Computer Programming | A Novice Reflects

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Been learning to program. Woohoo! Previously I spent considerable time learning *about* programming, particularly the pro's & con's of the various languages (.. something I enjoyed). Now however, I'm focused on learning the actual nuts-n-bolts of coding. Very different experience. More so than I would've imagined.

Aptana StudioSomething shifted today. Programming used to seem like something done at a desk 10-steps away (so to speak) .. by others, at a distance. Today it became something done here on my laptop.

I can now see what others meant when they suggested I 'just start' .. no matter what language I happened to choose.

Seems many of the initial concepts introduced to the aspiring programmer (such as data types & logical operators) apply to most programming languages. So learning these concepts is what's really important .. more than the syntactic details of any particular language.

Also seems like I was always searching for a conceptual framework upon which to begin learning a language. Hooks upon which to hang the things I would learn. A file system into which I could deposit & organize this information.

Finally found that 'framework' in (I'm almost embarrassed to say) » a 'Dummies' book (of all places), where the author asserted that programming was similar to writing a recipe, where you document the various steps required to fix your favorite dish.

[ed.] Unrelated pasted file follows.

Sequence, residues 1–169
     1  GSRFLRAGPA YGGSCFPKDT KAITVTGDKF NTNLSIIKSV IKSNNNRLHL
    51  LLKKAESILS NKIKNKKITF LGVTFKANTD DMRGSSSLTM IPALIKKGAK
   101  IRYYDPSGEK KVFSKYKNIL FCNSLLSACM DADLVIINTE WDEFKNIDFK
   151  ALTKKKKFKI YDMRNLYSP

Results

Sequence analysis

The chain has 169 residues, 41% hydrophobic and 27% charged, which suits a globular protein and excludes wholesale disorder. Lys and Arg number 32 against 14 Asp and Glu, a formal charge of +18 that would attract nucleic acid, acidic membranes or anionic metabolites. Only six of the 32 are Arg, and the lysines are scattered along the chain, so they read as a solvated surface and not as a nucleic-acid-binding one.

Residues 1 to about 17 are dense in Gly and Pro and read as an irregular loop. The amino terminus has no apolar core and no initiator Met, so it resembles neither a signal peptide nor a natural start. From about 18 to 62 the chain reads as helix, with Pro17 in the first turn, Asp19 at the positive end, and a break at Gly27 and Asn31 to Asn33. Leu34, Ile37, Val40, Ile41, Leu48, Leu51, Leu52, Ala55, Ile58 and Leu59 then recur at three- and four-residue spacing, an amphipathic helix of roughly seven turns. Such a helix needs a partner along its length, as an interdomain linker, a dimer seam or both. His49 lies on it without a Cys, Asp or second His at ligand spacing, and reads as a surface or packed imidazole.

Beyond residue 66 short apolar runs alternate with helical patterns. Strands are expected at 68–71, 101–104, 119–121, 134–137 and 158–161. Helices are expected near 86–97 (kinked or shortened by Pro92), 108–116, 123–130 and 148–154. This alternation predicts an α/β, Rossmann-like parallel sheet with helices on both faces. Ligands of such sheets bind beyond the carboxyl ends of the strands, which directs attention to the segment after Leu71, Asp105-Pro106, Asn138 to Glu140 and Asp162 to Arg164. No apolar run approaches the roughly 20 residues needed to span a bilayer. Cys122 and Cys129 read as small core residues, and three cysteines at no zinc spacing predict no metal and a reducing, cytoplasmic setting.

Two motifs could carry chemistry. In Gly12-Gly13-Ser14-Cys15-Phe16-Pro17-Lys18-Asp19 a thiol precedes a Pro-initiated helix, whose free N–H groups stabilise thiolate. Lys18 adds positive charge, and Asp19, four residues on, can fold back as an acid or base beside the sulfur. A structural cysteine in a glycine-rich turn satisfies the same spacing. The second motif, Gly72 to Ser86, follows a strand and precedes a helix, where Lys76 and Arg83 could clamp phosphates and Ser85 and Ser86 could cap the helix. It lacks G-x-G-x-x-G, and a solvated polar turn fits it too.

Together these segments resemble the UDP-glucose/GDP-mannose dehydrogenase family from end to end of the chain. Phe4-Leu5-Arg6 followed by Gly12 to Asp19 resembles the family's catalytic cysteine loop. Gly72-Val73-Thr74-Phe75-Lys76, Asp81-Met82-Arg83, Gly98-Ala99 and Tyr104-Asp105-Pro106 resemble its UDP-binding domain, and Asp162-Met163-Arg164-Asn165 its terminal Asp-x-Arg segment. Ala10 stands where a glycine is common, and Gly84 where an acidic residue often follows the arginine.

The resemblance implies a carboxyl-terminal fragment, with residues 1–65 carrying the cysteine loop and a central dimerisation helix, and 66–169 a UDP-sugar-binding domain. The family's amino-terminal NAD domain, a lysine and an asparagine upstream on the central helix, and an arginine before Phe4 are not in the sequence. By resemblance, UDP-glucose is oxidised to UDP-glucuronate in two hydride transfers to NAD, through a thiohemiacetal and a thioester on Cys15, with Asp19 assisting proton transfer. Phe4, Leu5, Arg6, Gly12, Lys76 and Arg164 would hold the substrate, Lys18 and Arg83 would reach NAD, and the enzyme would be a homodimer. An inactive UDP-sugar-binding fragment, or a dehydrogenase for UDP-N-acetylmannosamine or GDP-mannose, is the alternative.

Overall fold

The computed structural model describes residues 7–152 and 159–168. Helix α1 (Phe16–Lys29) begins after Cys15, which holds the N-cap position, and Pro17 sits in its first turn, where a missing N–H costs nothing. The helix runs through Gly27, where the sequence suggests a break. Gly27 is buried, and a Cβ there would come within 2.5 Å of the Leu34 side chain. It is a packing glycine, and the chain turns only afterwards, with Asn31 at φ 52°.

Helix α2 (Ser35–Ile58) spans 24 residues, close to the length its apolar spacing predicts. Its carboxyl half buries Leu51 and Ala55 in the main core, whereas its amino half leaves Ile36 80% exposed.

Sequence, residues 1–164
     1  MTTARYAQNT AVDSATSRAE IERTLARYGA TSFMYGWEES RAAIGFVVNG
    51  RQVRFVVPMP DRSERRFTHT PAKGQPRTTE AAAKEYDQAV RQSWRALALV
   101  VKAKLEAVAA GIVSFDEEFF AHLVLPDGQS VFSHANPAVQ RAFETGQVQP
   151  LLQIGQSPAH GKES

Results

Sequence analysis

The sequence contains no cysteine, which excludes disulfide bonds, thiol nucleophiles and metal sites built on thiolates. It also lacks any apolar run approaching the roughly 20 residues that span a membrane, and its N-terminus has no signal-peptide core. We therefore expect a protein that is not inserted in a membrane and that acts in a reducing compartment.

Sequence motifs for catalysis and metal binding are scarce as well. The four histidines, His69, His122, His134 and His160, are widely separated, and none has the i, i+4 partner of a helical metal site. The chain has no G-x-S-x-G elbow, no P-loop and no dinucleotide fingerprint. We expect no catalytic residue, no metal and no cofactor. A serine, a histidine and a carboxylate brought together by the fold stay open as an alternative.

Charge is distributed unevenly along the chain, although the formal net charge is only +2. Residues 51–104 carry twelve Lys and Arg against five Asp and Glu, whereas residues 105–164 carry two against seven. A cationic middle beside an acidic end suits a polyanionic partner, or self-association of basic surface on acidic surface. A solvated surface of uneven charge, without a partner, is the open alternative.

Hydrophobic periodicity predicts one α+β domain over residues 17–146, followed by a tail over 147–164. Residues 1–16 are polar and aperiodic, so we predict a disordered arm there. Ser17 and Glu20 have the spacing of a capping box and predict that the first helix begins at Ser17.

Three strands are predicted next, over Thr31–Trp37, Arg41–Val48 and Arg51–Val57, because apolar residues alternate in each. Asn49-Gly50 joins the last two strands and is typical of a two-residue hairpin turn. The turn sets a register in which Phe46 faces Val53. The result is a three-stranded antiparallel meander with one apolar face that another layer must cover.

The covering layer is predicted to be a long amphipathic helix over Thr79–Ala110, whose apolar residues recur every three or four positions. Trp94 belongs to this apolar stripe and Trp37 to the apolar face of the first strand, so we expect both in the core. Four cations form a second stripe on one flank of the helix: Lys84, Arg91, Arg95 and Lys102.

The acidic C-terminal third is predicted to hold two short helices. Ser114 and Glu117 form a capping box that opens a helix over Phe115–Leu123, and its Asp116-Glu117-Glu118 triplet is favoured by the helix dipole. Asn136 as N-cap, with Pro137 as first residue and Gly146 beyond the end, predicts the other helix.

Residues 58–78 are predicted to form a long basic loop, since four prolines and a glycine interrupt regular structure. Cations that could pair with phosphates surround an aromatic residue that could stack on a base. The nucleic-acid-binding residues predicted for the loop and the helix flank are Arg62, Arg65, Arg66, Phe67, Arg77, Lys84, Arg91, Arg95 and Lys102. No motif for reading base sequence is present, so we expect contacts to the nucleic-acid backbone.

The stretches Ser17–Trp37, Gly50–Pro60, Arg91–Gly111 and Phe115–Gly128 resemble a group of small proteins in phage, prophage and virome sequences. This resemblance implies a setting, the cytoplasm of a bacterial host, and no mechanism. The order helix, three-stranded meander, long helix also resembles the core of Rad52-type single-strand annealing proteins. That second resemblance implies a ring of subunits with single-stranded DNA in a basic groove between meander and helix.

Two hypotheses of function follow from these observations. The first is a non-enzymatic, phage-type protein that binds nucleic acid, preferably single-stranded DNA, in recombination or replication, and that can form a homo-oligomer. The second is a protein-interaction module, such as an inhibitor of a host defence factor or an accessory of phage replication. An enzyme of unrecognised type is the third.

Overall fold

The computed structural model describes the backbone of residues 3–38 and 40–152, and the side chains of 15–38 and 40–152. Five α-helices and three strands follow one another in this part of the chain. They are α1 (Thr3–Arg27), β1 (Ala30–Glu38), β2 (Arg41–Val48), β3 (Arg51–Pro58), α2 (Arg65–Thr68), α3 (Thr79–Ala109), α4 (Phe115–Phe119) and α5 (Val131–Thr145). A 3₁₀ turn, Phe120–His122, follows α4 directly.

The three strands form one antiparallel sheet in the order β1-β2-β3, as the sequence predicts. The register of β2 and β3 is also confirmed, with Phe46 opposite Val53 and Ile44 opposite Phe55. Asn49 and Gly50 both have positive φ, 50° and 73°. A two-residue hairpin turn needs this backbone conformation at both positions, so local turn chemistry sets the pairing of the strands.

That made sense to me. It was something I could relate to. Moreover it marked the point at which I quit learning 'about' programming & programming languages and began to actually focus on learning the nuts-n-bolts of a particular language.

Programming as a recipe. The recipe paradigm. Simple concept. Simple usually works best. (For the novice.)

Many courses and books use the 'don't-be-limited-by-the-programs-others-write' argument as their reason for learning computer programming. But that approach never really resonated with me. I never felt limited by the programs written by others, seeing there are so many good ones to choose from.

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Of course, I'm still just a novice, but programming is no longer viewed as something done 'over there' (.. by others, at a distance). Best of all, I'm learning something new every day.

Another hurdle I had to get over was » WHY. Why do I want to spend my limited time learning to program? .. especially when there are so many other cool things I could be learning. (The question of » priorities.)

For me, PHP answered that question best .. since it's a web-specific language, and web-stuff is what I do (here with this site). In other words, I'd be able to apply these skills sooner rather than later. (Quicker gratification.) Something I wasn't getting from Scheme.

It might not be the coolest language, but PHP represents a good starting place (for me, anyway). And God knows, we all have to begin somewhere. (Newbieville.)